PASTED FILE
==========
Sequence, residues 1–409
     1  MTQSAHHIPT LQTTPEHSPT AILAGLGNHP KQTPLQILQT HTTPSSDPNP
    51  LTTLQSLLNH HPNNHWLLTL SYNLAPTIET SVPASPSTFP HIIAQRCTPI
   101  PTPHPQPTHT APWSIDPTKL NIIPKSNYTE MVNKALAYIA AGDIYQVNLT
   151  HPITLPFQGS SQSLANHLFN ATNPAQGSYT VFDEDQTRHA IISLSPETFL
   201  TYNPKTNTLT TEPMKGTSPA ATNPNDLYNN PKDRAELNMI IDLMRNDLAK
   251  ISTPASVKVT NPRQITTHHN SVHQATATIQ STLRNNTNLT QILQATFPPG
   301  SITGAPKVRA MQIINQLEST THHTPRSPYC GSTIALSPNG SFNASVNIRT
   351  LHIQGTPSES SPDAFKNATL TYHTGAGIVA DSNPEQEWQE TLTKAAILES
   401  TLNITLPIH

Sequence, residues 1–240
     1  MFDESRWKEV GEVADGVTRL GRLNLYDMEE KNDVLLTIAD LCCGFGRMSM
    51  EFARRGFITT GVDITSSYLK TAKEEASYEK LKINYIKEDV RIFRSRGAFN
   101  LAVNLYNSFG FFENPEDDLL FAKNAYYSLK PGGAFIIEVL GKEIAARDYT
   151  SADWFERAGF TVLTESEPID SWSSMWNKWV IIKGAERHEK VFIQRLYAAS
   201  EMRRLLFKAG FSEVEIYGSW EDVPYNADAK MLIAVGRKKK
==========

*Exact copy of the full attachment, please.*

Sequence, residues 1–409
     1  MTQSAHHIPT LQTTPEHSPT AILAGLGNHP KQTPLQILQT HTTPSSDPNP
    51  LTTLQSLLNH HPNNHWLLTL SYNLAPTIET SVPASPSTFP HIIAQRCTPI
   101  PTPHPQPTHT APWSIDPTKL NIIPKSNYTE MVNKALAYIA AGDIYQVNLT
   151  HPITLPFQGS SQSLANHLFN ATNPAQGSYT VFDEDQTRHA IISLSPETFL
   201  TYNPKTNTLT TEPMKGTSPA ATNPNDLYNN PKDRAELNMI IDLMRNDLAK
   251  ISTPASVKVT NPRQITTHHN SVHQATATIQ STLRNNTNLT QILQATFPPG
   301  SITGAPKVRA MQIINQLEST THHTPRSPYC GSTIALSPNG SFNASVNIRT
   351  LHIQGTPSES SPDAFKNATL TYHTGAGIVA DSNPEQEWQE TLTKAAILES
   401  TLNITLPIH

Sequence, residues 1–240
     1  MFDESRWKEV GEVADGVTRL GRLNLYDMEE KNDVLLTIAD LCCGFGRMSM
    51  EFARRGFITT GVDITSSYLK TAKEEASYEK LKINYIKEDV RIFRSRGAFN
   101  LAVNLYNSFG FFENPEDDLL FAKNAYYSLK PGGAFIIEVL GKEIAARDYT
   151  SADWFERAGF TVLTESEPID SWSSMWNKWV IIKGAERHEK VFIQRLYAAS
   201  EMRRLLFKAG FSEVEIYGSW EDVPYNADAK MLIAVGRKKK